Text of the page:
They’ve had invasive, life-altering surgeries on their face, tongue, throat, sinuses and salivary glands as victims of head and neck cancer. They’ve experienced the life-saving pain of radiotherapy. They’ve endured rounds of chemotherapy and immunotherapy.
Now, as members of the club no one wants to join, over 60 people from around Australia who have experienced Head and Neck Cancer have come together for Australia’s first-ever Head and Neck Cancer Virtual Christmas Choir.
Chief Executive of the organisation, Nadia Rosin, says the choir’s voices include the real voices of survivors and the people who love them in an effort to raise awareness of one of the lesser known cancers which is unfortunately on the rise.
For choir members who could not sing because of surgery, pain, side effects or even fear of singing, they were welcome to clap, dance, play an instrument or even hold up a sign.
In the past 30 years there has been an alarming 385% increase in oral cancers in young women under 45 and the cause is unknown with many of the patients non smokers.
“Our choir is elevating the voices of survivors and advocating for the 5,100 Australians diagnosed every year, and the 17,000 Australians living with the effects of head and neck cancer, so that we can raise awareness and deliver the right support and treatment for our Head and Neck Cancer community,” she says.
She adds that the reality of Head and Neck Cancer in Australia is that it is a life-altering and for some a life limiting cancer.
“People who survive are forever changed. And many people don’t survive, with over 1,000 people dying each year from a type of head and neck cancer. But unlike some more common cancers, head and neck cancer receives no government funding for prevention, early diagnosis or to improve patient outcomes.”
“Many people haven’t even heard of head and neck cancers until they, or someone they love, is diagnosed with one of these cancers. Think sinus cancer, salivary gland cancer, throat cancer, tongue cancer, laryngeal cancer and lip or mouth cancer.”
Whilst high uses of tobacco and alcohol use are responsible for over 75% of cases, what many people do not know is that the human papilloma virus (HPV), the same virus that causes cervical cancer, is the most common cause of tonsil cancer and base of tongue cancer.
“It may seem strange that given that many people’s voices and ability to speak is changed by this cancer, or its treatment, we’ve decided to form a pop-up, virtual choir,” says Ms Rosin.
“But we worked very closely with an experienced choir master, speech pathologist and mixing engineer so that everyone who wanted to participate could participate and we believe it is a powerful way to demonstrate the incredible strength they have shown to survive and that everyone’s voice matters, and everyone deserves to be heard. We are singing our hearts out for better outcomes for patients and an improved quality of life for people diagnosed with head and neck cancer.”
CEO of the Melbourne Fashion Festival and HANCA Ambassador, Graeme Lewsey, was diagnosed with a human papilloma virus (HPV) related to Head and Neck Cancer in 2020.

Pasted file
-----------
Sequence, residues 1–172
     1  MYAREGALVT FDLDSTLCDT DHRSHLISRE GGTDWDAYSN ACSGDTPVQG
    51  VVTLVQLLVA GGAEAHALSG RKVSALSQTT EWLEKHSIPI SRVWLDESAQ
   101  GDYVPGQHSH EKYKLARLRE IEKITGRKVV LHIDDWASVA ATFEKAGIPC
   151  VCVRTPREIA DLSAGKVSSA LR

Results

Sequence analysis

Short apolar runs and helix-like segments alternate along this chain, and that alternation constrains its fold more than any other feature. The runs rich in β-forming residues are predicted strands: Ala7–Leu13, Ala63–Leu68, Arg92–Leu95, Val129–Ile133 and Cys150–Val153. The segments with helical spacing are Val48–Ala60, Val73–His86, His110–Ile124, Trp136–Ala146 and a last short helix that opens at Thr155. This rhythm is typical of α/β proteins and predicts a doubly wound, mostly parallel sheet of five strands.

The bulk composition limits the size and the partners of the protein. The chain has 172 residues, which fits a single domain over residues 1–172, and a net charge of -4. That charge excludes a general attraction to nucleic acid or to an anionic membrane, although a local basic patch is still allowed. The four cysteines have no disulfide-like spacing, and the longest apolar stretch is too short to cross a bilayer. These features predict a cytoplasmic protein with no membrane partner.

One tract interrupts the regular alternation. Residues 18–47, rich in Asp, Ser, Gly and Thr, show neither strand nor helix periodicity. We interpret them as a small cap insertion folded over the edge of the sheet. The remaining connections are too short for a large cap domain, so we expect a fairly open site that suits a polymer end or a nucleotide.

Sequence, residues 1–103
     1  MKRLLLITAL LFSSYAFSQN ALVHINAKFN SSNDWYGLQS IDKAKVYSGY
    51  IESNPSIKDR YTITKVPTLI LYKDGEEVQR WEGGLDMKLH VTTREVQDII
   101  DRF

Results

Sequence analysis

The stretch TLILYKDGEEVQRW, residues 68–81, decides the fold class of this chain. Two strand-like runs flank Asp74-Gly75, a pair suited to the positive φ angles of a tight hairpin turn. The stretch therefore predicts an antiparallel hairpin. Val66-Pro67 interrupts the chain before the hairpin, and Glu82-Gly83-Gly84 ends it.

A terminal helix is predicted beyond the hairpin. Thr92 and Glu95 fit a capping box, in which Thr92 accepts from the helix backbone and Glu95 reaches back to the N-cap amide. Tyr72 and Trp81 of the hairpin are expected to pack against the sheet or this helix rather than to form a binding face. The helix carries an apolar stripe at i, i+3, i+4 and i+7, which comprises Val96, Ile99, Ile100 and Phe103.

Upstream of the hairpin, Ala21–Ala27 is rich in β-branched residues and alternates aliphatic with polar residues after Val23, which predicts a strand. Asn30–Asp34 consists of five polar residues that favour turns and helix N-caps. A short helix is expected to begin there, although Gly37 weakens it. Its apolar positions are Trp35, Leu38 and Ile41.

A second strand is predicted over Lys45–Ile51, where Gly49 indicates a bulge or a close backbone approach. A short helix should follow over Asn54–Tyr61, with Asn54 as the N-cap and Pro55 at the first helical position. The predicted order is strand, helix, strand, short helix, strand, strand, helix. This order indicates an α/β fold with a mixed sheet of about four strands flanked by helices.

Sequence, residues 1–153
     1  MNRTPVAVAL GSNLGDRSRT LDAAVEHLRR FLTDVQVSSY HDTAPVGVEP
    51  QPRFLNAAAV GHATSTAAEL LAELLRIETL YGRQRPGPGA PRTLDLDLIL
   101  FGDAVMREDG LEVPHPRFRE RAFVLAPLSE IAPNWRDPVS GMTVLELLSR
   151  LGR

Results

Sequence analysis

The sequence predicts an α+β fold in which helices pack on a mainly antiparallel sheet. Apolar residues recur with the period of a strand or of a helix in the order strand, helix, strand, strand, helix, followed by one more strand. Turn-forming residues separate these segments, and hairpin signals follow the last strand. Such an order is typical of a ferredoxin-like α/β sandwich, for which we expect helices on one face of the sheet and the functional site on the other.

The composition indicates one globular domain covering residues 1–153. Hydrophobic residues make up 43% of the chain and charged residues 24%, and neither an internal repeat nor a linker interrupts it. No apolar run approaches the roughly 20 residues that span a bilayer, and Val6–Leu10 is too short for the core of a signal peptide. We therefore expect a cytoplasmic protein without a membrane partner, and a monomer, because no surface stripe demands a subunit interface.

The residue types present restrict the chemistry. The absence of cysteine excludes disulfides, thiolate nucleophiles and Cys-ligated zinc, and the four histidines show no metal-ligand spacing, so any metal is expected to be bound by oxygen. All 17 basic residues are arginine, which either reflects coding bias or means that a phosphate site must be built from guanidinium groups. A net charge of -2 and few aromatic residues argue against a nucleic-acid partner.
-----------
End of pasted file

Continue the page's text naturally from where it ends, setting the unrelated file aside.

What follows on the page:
“I felt a lump on my neck. I thought it was unusual but because it wasn’t a hard lump I didn’t worry. It blindsided me. I was so fit and healthy.”
“I’m 12 months out from treatment but I know some of the side effects like having a dry mouth which affects my teeth and tinnitus that affects my hearing will last the next few years, possibly forever.”
Head and neck cancers are such a sinister disease and the effects of the cancer and their treatment can stay with people for the rest of their lives. It is displayed on their faces for the world to see and it cannot be hidden by clothing.
Unlike some more common cancers, there is no screening test for head and neck cancer so all Australians, particularly men, need to be aware of the signs and symptoms and act quickly if they notice something unusual.
Some of the more common symptoms include a sore in the mouth that doesn’t heal, pain swallowing, a sore throat or a lump in the neck. Other symptoms can include ear pain, a blocked nose on one side and/or bloody discharge or a bulging or watery eye.
The best thing people can do to reduce their risks around head and neck cancer to is to be aware of the symptoms and get them checked out by their local doctor or dentist without delay. An early diagnosis can make all the difference.
“My personal journey highlighted many gaps and opportunities to improve support for people living with head and neck cancer. Cancer doesn’t discriminate. More desperately needs to be done to help people in this community like other more common cancers.”
Given changing restrictions around gathering and singing because of COVID-19, and especially that many of our patients are immunocompromised and especially vulnerable to illness, the Head and Neck Cancer Choir was entirely virtual. It meant that everyone who wanted to take part could do so. And join they did! The choir transcended borders with people joining from Queensland, NSW, Victoria, South Australia and Western Australia.
The finished song – Deck the Halls, a much-loved Christmas carol – is now available here and will be sent to every politician in Australia to advocate for funding support. We encourage everyone across the country to share it far and wide. Funding for awareness and patient support is the way we’ll improve health outcomes – and literally change lives – for people diagnosed with it.
Audio grabs are available.